The Board is committed to: promoting the safe and reliable operation of Canada's pipeline infrastructure; and respecting the rights and interests of those affected by NEB-regulated facilities and activities. The Board considers that its engagement of stakeholders to discern issues and concerns is an essential component of the regulatory development process and sincerely appreciates all the comments provided to date. The following information provides the Board's response to these comments.

The Board acknowledges that the resolution of some issues would require amendments to the National Energy Board Act. The Board will also continue to refine its own processes to ensure that it can effectively achieve the objectives of the Proposed DPR.

In conjunction with the Act and regulations, the Board employs a suite of compliance tools that are used separately or in combination with each other to evaluate a company's performance. The Board actively and regularly seeks feedback through information forums and workshops. The Board works with stakeholders to continually update associated documents and tools, such as the guidance notes, and remain current with industry best practices and public interest.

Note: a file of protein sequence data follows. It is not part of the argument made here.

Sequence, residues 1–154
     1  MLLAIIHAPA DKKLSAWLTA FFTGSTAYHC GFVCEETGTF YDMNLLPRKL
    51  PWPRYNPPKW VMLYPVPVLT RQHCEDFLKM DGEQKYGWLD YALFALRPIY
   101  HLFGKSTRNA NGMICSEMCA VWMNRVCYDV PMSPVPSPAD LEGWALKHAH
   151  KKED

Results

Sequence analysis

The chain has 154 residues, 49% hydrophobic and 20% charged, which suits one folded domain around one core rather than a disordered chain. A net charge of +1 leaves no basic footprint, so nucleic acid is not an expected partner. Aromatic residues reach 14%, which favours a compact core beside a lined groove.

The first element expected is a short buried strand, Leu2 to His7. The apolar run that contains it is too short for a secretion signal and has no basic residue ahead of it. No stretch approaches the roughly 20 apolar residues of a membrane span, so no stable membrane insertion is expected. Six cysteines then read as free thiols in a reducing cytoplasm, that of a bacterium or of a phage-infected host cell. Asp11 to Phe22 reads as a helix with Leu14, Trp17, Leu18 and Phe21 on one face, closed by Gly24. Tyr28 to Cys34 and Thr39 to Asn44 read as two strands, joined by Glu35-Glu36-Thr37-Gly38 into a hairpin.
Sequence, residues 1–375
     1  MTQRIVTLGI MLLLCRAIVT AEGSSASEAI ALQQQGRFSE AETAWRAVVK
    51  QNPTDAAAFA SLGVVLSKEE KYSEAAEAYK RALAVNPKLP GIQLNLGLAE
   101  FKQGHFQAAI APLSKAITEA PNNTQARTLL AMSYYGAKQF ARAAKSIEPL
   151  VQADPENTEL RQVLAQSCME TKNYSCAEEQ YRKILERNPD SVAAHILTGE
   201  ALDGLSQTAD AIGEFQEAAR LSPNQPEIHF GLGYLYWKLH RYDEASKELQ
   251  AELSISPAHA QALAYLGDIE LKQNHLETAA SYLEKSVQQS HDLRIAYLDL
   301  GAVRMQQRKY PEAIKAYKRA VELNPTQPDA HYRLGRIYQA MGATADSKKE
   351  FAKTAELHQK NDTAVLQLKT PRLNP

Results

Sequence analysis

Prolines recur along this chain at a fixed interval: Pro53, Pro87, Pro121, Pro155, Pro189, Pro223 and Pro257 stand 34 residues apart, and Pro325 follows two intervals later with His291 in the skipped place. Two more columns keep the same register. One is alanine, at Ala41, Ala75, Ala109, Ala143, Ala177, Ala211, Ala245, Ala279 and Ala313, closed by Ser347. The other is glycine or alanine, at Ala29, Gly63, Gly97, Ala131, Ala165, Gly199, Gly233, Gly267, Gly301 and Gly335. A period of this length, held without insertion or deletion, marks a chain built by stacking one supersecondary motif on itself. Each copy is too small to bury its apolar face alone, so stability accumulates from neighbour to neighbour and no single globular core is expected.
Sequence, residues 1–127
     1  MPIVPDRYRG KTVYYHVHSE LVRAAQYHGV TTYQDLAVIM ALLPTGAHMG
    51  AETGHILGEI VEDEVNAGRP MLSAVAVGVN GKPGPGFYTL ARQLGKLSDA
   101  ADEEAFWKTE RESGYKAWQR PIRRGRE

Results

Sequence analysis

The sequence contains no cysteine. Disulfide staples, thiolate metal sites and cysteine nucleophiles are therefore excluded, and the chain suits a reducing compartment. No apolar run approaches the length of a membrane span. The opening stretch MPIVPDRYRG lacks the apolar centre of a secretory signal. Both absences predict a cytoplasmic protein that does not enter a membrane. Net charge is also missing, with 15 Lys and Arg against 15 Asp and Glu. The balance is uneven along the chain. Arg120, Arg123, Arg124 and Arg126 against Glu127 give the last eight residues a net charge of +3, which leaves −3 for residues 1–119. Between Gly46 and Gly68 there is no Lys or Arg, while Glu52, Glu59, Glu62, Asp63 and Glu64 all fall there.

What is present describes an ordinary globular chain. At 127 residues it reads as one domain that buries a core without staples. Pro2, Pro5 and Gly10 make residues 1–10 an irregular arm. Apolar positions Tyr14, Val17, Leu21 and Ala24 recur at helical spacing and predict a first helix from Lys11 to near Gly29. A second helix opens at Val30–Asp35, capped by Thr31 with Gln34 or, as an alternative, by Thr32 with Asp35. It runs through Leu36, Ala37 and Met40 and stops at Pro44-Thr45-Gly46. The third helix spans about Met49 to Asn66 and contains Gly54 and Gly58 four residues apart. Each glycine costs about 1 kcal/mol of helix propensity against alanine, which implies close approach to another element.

The Board reiterates its commitment made during the Land Matters Consultation Initiative to work with stakeholders towards the development of best practices concerning the crossing of pipelines by vehicles and mobile equipment[4]. Furthermore, as the federal government champion on pipeline Damage Prevention, the Board will continue its involvement with the Canadian Common Ground Alliance in the development of best practices for damage prevention of pipelines.

[4] The Board launched its Land Matter Consultation Initiative (LMCI) in October 2007, and consultations across Canada were initiated. The summary of issues raised and proposed actions are included in the LMCI Final Report of May 2009 [Filing A21836]. The Board has incorporated the requirement for companies to have a program to manage the movement of vehicles and mobile equipment across the pipeline (Action 1.2 in Appendix 1, Final Report).